The report was issued after investigators interviewed at least 231 Haitian women who said that they were allegedly forced to perform sexual acts with UN peacekeepers in exchange for food and medicine.
"For rural women, hunger, lack of shelter, baby care items, medication and household items were frequently cited as the 'triggering need,'" the report said.
As for those women who lived in the city, they engaged in sexual relationships in exchange for "church shoes, cell phones, laptops and perfume, as well as money," according to the report, which is due to be released later this month.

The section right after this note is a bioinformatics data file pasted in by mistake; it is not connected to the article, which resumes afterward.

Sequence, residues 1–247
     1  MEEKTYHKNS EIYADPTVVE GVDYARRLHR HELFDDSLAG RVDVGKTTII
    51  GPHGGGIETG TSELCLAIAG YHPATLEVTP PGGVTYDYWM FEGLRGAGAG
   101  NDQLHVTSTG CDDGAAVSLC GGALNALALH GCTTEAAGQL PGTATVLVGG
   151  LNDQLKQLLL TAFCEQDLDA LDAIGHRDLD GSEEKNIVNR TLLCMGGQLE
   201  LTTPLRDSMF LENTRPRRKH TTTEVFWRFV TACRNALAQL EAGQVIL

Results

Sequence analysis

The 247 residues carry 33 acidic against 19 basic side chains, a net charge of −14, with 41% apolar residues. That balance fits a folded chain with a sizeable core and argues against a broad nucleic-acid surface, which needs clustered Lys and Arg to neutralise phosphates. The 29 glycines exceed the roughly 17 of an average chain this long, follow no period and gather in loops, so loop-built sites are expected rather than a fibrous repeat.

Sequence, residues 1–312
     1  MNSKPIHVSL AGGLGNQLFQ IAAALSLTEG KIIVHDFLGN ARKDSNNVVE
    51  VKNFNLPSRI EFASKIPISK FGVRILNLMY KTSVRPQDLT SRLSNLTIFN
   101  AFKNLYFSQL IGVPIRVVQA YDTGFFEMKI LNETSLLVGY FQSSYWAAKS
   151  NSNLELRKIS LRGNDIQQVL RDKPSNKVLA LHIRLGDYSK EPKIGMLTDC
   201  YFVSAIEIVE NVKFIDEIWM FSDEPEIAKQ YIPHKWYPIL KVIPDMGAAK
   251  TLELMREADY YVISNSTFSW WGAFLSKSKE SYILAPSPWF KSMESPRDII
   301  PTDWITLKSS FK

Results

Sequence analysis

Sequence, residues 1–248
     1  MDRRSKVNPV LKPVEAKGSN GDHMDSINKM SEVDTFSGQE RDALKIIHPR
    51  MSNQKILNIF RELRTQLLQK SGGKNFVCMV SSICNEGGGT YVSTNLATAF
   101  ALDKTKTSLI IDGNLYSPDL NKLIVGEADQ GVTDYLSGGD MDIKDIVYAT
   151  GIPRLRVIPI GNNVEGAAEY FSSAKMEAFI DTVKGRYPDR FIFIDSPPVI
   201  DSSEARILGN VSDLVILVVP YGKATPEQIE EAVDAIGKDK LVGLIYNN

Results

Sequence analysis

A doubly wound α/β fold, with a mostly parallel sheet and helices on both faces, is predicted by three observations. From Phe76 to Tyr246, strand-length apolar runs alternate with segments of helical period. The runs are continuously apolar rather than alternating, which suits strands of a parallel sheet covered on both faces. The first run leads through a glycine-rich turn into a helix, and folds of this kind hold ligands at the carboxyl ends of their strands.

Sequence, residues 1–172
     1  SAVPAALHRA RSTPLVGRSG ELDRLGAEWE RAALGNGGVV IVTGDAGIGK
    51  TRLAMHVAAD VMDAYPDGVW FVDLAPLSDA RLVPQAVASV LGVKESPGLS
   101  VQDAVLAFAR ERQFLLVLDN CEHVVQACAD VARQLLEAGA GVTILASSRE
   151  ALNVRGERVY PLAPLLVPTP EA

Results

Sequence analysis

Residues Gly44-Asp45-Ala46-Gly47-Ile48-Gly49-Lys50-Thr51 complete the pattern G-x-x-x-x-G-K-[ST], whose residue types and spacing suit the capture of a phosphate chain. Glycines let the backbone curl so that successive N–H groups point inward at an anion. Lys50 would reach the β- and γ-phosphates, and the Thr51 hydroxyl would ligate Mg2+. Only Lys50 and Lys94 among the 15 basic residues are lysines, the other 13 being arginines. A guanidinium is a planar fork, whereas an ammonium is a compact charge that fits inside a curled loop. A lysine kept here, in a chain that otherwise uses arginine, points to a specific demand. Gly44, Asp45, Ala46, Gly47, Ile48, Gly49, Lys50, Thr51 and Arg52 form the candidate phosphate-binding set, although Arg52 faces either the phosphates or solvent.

It added that only seven of the interviewed victims "knew about the United Nations policy prohibiting sexual exploitation and abuse."
Earlier this year, prosecutors opened an investigation into claims that French soldiers raped children as young as nine during UN peacekeeping missions in the Central African Republic.
According to the Secretary-General's latest annual report on the issue, the total number of alleged cases of sexual abuse and exploitation by members of all UN peacekeeping missions stood at 51 in 2014, down from 66 the year before.